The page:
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Bengals play 'Where's Mo?'

Posted Oct 23, 2012


Mohamed Sanu

The Bengals still may be seeking a No. 2 wide receiver and until Marvin Jones returns it could very well be fellow rookie Mohamed Sanu.

But it looks like he's going to be a lot more than that.

"We're still getting to know Mo," says Bengals offensive coordinator Jay Gruden with a bit of an evil gleam in his eye after unveiling him again in the backfield.

When Sanu took a direct handoff from quarterback Andy Dalton in the shotgun and lowered his shoulder behind left guard Clint Boling for seven yards Sunday night against the Steelers, he accomplished what only two other players did in the NFL last season.

Running back Ray Rice of the Ravens and wide receiver Brandon Banks of the Redskins each threw a touchdown pass while also catching at least one ball and rushing the ball at least once last year. In Banks's case, he did just one of each. In Rice's case, the Pro Bowler led his team in receiving and rushing.

All shapes, all sizes.

Rice, the proverbial bowling ball of mayhem, goes 5-7, 212 pounds. The 5-7, 155-pound Banks is the smallest player in the league.

The last Bengal to throw a TD while also rushing at least once while catching at least one ball in the same year was the Ray Rice of his era, 5-10, 180-pound running back James Brooks. Brooks led the 1985 Bengals in rushing and his 55 catches were second only to wide receiver Cris Collinsworth.

(Since '85, quarterbacks Ryan Fitzpatrick and David Klinger have found themselves in all three categories at the end of a year, but only because they caught a pass behind the line of scrimmage.)

Gruden and receivers coach James Urban are having a tough time coming up with a player similar to Sanu's platform. What separates him from most versatile offensive players is his size at 6-2, 210 pounds.

After watching the Steelers come in here again flashing everything but Ginsu knives in their offensive tool belt, Pittsburgh's all-time leading receiver, Hines Ward, looked to be a possible match even though he's retired. He had a similar pedigree as a college quarterback, and always played for creative minds in the pros, beginning with the man they called "Inspector Gadget," current Jaguars head coach Mike Mularkey.

But Ward only threw two passes in 14 seasons, completed one and it wasn't for a TD. He did average 7.5 yards per his 57 career runs, yet at 6-0, 205 pounds he's not as big as Sanu.

So the Bengals may have something unique here. Maybe a Tim Tebow that can throw. Call him Sanow. But at the moment, Gruden and Urban have a lot more on their plate than coming up with trick plays as they go through the non-A.J. options.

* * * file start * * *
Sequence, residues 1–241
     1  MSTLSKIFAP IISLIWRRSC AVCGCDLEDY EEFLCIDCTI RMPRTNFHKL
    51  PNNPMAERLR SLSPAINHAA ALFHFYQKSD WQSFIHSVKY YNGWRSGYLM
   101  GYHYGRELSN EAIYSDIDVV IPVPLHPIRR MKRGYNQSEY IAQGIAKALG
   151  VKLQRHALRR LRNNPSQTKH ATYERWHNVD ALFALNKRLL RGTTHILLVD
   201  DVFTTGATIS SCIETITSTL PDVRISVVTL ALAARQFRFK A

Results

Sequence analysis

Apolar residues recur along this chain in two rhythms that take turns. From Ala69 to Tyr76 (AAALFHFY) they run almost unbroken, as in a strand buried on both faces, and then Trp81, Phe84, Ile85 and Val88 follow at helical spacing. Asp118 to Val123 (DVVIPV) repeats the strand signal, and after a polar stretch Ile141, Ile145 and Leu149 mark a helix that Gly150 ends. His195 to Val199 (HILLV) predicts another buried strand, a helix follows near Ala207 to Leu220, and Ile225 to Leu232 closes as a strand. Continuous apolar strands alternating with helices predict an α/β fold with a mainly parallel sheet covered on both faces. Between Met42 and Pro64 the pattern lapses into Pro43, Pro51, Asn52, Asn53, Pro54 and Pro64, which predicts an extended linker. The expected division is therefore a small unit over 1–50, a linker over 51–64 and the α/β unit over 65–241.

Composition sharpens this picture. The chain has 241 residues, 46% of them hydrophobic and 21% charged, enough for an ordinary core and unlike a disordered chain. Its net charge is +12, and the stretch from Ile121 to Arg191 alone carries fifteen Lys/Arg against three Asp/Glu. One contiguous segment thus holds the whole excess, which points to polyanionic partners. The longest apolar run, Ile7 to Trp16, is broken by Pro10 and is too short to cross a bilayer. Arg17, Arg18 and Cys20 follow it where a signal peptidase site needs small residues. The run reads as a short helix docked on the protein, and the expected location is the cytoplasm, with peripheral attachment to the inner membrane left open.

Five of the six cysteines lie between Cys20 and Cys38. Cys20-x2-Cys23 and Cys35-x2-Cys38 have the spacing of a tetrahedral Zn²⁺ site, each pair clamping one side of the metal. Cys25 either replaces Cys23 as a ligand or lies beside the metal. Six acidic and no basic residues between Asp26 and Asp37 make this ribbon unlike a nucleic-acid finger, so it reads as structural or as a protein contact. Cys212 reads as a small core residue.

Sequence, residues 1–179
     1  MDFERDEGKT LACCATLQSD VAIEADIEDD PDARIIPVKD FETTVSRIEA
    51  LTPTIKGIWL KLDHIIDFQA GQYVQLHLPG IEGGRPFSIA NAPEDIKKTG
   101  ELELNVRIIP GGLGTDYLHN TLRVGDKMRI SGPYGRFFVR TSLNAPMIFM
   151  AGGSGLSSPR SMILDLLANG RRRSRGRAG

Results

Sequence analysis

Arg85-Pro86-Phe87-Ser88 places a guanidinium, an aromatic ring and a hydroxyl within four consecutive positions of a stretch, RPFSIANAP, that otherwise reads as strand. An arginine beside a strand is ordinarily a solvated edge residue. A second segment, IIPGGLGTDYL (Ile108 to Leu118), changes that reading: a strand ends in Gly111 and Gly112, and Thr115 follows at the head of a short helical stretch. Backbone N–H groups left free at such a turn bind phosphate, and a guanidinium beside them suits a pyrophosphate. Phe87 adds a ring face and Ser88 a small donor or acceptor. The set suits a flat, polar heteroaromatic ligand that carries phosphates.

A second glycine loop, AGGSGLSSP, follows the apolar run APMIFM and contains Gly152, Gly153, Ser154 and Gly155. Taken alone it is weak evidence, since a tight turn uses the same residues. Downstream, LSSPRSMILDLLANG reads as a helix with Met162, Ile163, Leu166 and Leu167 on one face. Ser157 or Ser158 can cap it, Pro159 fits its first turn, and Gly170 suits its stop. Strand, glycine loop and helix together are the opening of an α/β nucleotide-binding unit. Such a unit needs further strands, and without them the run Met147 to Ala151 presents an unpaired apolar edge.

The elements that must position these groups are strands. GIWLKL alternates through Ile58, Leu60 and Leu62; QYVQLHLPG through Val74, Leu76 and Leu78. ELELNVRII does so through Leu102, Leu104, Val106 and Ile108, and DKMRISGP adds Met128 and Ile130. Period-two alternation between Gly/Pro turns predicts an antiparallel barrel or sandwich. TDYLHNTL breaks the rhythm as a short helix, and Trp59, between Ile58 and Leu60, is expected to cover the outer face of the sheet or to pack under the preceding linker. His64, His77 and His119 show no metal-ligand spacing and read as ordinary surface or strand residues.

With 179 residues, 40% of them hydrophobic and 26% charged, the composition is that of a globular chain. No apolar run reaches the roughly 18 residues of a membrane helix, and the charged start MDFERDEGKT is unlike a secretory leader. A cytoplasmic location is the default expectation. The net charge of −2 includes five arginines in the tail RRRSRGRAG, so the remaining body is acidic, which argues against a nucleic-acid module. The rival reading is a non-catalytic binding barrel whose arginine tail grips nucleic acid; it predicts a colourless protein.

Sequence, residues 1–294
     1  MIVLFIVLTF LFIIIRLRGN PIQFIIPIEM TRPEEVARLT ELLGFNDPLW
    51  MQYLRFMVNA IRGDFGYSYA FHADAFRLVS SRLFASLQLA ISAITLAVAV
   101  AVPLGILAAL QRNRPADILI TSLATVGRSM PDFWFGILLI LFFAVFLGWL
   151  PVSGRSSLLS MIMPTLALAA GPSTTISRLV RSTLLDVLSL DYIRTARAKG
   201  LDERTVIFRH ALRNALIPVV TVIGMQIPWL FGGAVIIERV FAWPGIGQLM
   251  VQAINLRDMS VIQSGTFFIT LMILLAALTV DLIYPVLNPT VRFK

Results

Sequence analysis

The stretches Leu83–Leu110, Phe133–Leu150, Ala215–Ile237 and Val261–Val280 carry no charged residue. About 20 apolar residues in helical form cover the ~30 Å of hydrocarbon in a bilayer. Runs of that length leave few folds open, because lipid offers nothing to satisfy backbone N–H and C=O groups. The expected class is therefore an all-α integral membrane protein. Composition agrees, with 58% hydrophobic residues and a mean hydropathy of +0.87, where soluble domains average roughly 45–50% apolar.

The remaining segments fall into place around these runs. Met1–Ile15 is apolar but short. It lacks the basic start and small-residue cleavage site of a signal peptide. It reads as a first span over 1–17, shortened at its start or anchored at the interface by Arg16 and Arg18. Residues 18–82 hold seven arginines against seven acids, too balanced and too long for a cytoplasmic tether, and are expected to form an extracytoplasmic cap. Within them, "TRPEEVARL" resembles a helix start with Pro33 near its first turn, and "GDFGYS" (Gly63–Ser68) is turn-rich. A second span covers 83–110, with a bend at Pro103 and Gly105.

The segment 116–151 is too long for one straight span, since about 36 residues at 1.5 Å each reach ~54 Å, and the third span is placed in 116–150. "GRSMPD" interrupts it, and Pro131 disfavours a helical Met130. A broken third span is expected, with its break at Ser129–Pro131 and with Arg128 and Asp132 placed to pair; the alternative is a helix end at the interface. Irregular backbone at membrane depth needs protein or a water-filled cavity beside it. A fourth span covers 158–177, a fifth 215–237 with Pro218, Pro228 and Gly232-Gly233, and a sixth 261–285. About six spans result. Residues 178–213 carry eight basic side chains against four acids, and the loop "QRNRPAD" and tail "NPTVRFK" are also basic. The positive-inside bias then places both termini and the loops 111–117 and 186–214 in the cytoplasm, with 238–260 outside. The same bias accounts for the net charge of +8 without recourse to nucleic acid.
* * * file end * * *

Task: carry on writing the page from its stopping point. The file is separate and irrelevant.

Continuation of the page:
After watching Sanu get his first extended snaps at receiver Sunday night that netted him his first three NFL catches for 27 yards, the Bengals were quite pleased. Which means his first NFL catch came exactly 28 days after his first NFL throw was a touchdown. He still has caught 47 fewer yards than that 76-yarder he tossed in Washington.

"The thing I've always said about Mo is that he's a gamer; I thought that coming out of college," Urban says of the third-rounder from Rutgers. "The more football the kid plays, I'm talking about 'game on' Sunday football, the more you like him. The game's not too big for him, I know that."

The Bengals are certain they have a rugged, physical NFL receiver on their hands and they only have to point to Sunday's first drive and Sanu's second catch, a bulling five-yarder where he dragged people to set up a successful fourth-and-one on the way to a touchdown.

"You saw him run the ball between the tackles the other day," Urban says. "You saw him on the bubble screen where he got banged all around and got the two extra yards and it enabled us to go for it on fourth down instead of kicking the field goal. That was just all toughness. That was a nose-bleeder."

The Bengals also think Sanu has a nose for the ball and feel he can excel in the slot. It's a spot that has been occupied by second-year man Andrew Hawkins, a 5-7, 180-pound dynamo who was limited last week in practice with a back problem. That gave Sanu a shot and he got in for 18 snaps while Hawkins took 20 as the Bengals search for the right complements around Green.